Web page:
NespressoPopCafe_selfie_world trade 2024

How to Create a Micro-experience: Four Tips from Nespresso

“For as much back and forth as there is going over these designs and the concepts and location, I’ve always found the simpler you keep it, the better. And this was a small, immersive space that brews great coffee. As long as you keep that as your guiding principle, then the execution will fall in line.”

–Stephen Kill, Marketing Director, Nespresso USA

When Nespresso transformed an elevator at New York’s One World Trade Center into the stylish, two-person Vertuo Pop Café last month, the footprint may have been small, but the feat was not. It was the same scenario in Santa Monica last summer, when the brand turned a gondola on the Pacific Ferris wheel into a mini coffee shop. Indeed, creating a micro-experience is harder than it looks, from scouting out suitable locations to the logistical challenges of having limited space. So we tapped Stephen Kill, marketing director at Nespresso USA, for tips and insights on creating mini activations that pack a big punch. (Agencies–New York activation: nmbl; Invisible North)

hilton-on-the-green-2022-pop-up-room_teaserMore Tips on Building a Micro-experience:

Securing the right location takes time.

NespressoPopCafe_world trade center elevator_looking into cafe

Nespresso’s stylish elevator cafe was designed in partnership with editors from Architectural Digest.

You might think it’s easier to lock down a location for a micro-experience than a full-blown activation, but Kill says finding the right space is more challenging than it sounds. Ultimately, by selecting an elevator at One World Trade Center, Nespresso had the benefit of not only activating inside a secure building, but reaching the right crowd.

“We had initially planned to roll out a bunch of [Vertuo Pop Cafés]. We kind of pulled back a bit to land this one and do it right,” he says. “This one, because it’s a secure building, you’re getting commuters and you’re getting people in media, which is important [because] you have them sharing this stuff.”


Partnerships matter.

Nespresso’s partnerships with One World Trade Center and Condé Nast-owned publication Architectural Digest were fundamental to the success of the Vertuo Pop Café. In the case of the Trade Center, the brand worked with the building’s operations team to tailor the experience.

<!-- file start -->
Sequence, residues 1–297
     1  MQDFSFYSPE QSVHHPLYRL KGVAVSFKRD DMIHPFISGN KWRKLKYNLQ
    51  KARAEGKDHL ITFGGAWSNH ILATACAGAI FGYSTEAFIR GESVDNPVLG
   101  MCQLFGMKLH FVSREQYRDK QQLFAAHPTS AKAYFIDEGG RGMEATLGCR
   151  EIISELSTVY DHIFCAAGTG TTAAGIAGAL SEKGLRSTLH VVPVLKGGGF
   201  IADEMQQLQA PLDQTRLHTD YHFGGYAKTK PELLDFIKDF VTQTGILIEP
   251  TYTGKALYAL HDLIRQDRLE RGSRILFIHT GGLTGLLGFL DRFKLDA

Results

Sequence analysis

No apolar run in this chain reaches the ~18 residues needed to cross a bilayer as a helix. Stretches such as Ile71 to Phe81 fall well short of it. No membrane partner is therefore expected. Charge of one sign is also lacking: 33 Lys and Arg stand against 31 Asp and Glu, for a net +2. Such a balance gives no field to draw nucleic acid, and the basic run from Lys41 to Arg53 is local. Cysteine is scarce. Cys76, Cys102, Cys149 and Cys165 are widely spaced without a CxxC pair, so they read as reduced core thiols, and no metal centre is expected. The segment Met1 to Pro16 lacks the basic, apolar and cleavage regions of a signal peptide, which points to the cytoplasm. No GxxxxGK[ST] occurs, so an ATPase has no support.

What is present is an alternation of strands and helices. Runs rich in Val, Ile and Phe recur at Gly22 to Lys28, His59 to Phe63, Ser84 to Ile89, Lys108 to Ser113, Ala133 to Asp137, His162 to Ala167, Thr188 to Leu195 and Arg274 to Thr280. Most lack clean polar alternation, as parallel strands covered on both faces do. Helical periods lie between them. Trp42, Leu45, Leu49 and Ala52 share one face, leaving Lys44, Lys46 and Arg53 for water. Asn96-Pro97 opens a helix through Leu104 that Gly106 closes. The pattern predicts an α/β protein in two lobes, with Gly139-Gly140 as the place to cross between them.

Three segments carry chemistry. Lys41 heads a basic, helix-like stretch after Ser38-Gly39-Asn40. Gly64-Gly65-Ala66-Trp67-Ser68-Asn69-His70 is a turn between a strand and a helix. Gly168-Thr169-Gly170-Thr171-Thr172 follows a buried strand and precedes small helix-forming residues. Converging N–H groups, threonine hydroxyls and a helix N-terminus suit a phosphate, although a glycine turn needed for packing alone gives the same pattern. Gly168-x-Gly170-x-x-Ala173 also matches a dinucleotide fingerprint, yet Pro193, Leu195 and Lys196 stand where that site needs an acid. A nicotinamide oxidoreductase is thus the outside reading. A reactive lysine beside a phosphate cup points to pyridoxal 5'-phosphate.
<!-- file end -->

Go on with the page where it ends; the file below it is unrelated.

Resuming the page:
“They were great to work with, even in terms of being able to control the elevator doors opening, et cetera,” Kill says. “So we were able to really customize the experience. We weren’t totally at the mercy of their everyday operations.”

And working with editors from Architectural Digest was critical to nailing the café’s elevated look, as well as driving awareness of Nespresso’s Vertuo line of coffee machines among the publication’s sophisticated audience.

“If we’re trying to drive consideration, we need the reach as well,” says Kill. “The partnership with Architectural Digest was really important because that’s where the reach is coming from. Of course, we’re going to get the earned coverage, but by partnering with them, leaning on their design chops to help inform the design of these things, we’re not only trying to reach new audiences, but we’re reaching a more premium audience, if you will.”


There may be structural limitations.

Depending on where a micro-experience is located, there may be structural obstacles to consider. In an elevator, for instance, there are safety protocols that can’t be altered.

“Within the elevator, we couldn’t mount anything. It needed to be freestanding, so we couldn’t change anything structurally,” Kill says. “And you’re also dealing with safety challenges, right? You have the escape hatch above, you have safety messages on the screen in there that you can’t change or manipulate.”


Consider the logistics from every angle.

Nespresso had to consider every nitty-gritty logistical detail to make the Vertuo Pop Café feel like a real coffee shop, from restocking supplies like water and milk, to keeping them hidden within the activation, to slowing down the elevator ride to ensure there was time to brew a cup of coffee and engage with passengers.

“You’re dealing with the volume of even water and milk, and where do you store that? We snuck in cubbies, and we had a milk frother tucked away that we could pull out on glides,” Kill says. “So there was some other hidden magic in there. But the thing that worked in our favor also is the [elevator] just keeps going up and down, so you can reload pretty quickly. Once two [people] jump off, you can add more supplies as necessary.”

Photo credit: Kelsey Rose

Kait Shea
Posted by Kait Shea

Kait joined EM in 2015 and today enjoys her role as senior editor, digital content. When she’s not in reporter mode, rocking mermaid pants at Comic-Con or running laps at MWC Barcelona, you can find her at home listening to music.
View all articles by Kait Shea →

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